Eight Ways to Rodent-Proof Your Home in Winter

Eight Ways to Rodent-Proof Your Home in Winter

Is your home your sanctuary? Is it a warm place to relax and recharge after a long day? 

It’s not just the temperature, but the love of family, decor, memories, and welcomeness that makes your house a home. Unfortunately for you, it’s not just your loved ones and neighbors who want to spend time with you. 

This winter, if you’re not careful, you may find that the warmth and comfort of your home are appealing to rodents. Regardless of how uninvited they are, when they visit your house, it can be challenging to get them to leave. 

The key to preventing rodents from making a home in your house is prevention. In this article, we are providing eight tips for rodent-proofing your home. 


Eight Steps to Make Your Home Rodent-Proof This Winter

1) Know Your Rodents

Here are a few of the most common rodents in the Carolinas and Virginia:

  • Gray squirrels: In most parts of North Carolina, the gray squirrel is the most prevalent rodent. It's common to see them in your yard. They are not a problem in your yard, but in your home, they can cause trouble.
  • Roof rats: Often known as black rats, these are a pest that you should avoid allowing into your home at all costs. Roof rats are excellent climbers and will use your gutters as a means of reaching and entering your home through the roof.
  • Norway rats: Sometimes known as common brown rats, Norway rats are more aggressive than their black rat cousins, despite not being as proficient climbers. They also congregate near inhabited areas in search of food and refuge. They are known to carry diseases, so they are considered a major pest.
  • Voles: Voles are grassland mice that build huge tunnel networks. They are also known as field mice or meadow mice. A single female vole can give birth to over 100 young per year, allowing colonies to swiftly outgrow its control.

Some common wildlife that would are commonly mistaken as rodents include:

  • Bats
  • Rabbits
  • Moles

Knowing what type of pests with which you’re dealing will help you rodent-proof your property. 

2) Know Why Rodents Like Your Home

Your home and property may be appealing to rodents for a number of reasons: 

  • If you leave trash receptacles inside your garage. 
  • If you have tall grass or shrubbery in which to hide. 
  • If you keep firewood near your home.
  • If you have pest infestations. 
  • If you have clutter. 

If you know what attracts rodents to your home, you can make the changes necessary to make it less appealing. 

3) Seal the Entry Points Rodents Use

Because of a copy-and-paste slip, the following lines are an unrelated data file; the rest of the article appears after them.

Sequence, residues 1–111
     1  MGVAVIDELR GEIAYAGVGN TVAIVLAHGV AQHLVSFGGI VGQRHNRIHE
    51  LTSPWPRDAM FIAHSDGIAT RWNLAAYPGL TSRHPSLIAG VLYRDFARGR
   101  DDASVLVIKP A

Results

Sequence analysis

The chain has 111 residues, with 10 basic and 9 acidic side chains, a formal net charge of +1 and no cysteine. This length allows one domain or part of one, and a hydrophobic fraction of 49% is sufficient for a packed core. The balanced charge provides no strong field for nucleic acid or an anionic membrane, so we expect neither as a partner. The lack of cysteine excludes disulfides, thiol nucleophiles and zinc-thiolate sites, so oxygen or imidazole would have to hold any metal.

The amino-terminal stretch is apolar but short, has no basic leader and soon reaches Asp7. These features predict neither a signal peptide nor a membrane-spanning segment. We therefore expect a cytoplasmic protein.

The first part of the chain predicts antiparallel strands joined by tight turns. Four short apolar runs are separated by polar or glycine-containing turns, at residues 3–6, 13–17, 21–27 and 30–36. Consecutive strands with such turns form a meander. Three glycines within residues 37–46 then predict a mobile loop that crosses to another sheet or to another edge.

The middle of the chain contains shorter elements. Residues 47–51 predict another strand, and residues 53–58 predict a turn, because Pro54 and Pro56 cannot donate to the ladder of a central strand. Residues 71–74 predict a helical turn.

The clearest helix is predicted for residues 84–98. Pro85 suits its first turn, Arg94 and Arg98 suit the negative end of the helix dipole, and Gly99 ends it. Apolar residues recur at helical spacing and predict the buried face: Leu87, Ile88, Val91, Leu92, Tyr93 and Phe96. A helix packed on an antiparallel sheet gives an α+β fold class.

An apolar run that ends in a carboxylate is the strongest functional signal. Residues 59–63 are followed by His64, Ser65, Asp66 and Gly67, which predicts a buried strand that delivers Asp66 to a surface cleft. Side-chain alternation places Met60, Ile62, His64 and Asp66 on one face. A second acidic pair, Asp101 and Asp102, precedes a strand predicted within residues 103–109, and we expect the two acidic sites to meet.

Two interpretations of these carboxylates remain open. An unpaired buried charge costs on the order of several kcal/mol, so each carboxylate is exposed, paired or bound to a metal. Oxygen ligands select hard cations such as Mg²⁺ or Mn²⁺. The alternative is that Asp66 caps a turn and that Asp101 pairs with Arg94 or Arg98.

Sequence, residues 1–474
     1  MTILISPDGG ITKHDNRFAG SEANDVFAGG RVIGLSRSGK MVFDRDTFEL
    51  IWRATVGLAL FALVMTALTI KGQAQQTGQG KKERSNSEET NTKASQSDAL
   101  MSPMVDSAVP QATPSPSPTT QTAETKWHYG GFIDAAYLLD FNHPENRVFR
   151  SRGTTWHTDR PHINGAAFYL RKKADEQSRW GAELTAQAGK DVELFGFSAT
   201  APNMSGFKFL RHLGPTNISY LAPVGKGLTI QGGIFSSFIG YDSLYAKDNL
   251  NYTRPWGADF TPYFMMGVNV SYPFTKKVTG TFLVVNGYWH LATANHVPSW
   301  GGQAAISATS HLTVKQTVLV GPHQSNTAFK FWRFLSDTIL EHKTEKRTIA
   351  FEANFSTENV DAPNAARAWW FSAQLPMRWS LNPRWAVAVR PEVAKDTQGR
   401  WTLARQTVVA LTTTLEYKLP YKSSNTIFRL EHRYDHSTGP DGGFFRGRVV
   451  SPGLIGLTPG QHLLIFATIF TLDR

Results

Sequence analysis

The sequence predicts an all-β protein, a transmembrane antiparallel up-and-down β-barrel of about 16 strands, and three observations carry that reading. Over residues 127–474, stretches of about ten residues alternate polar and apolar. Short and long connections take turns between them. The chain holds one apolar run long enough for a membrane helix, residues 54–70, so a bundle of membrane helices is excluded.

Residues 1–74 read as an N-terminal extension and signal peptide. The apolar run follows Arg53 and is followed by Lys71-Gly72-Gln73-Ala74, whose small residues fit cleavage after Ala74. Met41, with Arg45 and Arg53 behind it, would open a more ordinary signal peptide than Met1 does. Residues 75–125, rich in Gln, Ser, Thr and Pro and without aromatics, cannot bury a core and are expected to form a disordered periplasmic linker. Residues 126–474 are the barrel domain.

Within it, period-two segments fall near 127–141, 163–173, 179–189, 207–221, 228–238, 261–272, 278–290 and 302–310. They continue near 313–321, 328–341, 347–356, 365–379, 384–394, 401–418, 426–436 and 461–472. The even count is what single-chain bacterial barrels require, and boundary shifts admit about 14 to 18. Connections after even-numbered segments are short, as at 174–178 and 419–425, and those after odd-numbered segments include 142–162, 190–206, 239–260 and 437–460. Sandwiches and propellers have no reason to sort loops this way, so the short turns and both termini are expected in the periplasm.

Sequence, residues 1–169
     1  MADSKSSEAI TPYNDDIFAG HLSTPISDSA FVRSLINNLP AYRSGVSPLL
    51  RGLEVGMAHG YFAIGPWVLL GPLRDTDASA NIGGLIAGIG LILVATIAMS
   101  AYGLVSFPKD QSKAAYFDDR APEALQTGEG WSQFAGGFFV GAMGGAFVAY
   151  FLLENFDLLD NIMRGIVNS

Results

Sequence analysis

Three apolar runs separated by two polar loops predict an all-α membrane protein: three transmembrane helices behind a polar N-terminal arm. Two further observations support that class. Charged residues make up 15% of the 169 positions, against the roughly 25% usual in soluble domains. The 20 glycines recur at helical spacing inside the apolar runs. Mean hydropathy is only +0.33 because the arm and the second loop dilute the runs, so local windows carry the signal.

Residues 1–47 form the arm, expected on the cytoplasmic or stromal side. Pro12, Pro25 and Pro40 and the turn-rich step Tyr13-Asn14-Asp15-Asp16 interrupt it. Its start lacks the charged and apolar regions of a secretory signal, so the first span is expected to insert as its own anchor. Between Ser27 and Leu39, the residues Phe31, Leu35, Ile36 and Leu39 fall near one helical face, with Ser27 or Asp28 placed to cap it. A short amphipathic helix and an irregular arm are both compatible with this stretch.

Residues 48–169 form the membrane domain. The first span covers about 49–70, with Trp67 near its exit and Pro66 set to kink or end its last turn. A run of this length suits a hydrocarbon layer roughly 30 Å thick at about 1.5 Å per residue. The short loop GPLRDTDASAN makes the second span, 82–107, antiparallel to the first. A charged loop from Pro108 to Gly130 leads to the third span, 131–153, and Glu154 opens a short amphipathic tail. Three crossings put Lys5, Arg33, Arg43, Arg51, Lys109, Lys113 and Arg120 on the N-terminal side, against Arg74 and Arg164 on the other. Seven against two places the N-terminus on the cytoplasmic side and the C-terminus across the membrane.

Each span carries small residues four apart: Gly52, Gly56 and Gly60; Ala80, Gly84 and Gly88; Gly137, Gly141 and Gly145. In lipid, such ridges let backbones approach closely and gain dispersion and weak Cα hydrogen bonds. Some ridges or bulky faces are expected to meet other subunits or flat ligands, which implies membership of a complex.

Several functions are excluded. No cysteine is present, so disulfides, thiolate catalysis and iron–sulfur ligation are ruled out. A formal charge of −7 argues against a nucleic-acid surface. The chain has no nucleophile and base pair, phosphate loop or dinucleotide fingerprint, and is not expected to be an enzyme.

Rodents don’t need an open invitation to enter your home. Even small cracks, open vents, and the tiniest holes are enough for rats, mice, and squirrels to get inside your house. It is vital to inspect your home for potential entry points and have them sealed. 

In addition to eliminating entry points for rodents, closing your crawl spaces can save you money by making your home more energy-efficient. Encapsulating your crawl spaces can save you up to 18% on annual heating and cooling expenditures! Enclosing your crawl space also protects your family by improving indoor air quality, which means fewer allergies and better breathing for everyone.

4) Hide Your Pet Food from Rodents

Believe it or not, rodents enjoy pet food as much or more than your pets. If you don’t store it in a sealed container or leave it in the garage, you are sending out an invitation to rodents to enter your home and stay awhile. 

Make sure your pet food is inaccessible to anyone or anything but you. 

5) Seal Your Trash Cans

Rodents love trash. If you have trash bags loosely left in your garage or can lids that do not seal, your home could be susceptible to attracting mice and rats. Use heavy lids on your indoor trash cans, and make sure your outdoor receptacles close tightly. 

6) Keep Your Floors and Pantries Clean

Winter is a time when families spend more time indoors than usual. That means it is typically more challenging for people to keep their floors and pantries clean and free of crumbs and open food containers. Unfortunately, this is one of the main attractors for rodents. 

If you find your house more cluttered in winter, you may also find that rodents are using that clutter to hide and wait for the crumbs and food to hit the floor. 

To rodent-proof your house during the cold months, keep floor crumbs to a minimum, vacuum and sweep floors often, seal food in pantries, and try to reduce clutter. 

7) Eliminate Pest Infestations

Pest infestations are often a sign you are going to have rodents in your home. Rodents are attracted to many of the same things pests like and enter your home through many of the same passages. 

You may not be immediately aware of an infestation, but in this article, here are six signs you’re about to experience an invasion of pests

8) Make Sure You Have a Humane Wildlife Removal Service

Sometimes, you may find rodents have entered your home despite your best efforts to be rodent-proof during winter. In that case, you need a quality wildlife removal team that you can trust to relocate rodents humanely. 

To safely relocate wildlife, we work with the North Carolina Wildlife Commission to make sure these animals are given the best chance at being able to be rehabilitated and returned to the wild.

That means you can count on our experienced team to get rid of your rodents quickly and humanely. If you need help removing and relocating rodents from your property, contact Rid-A-Bug today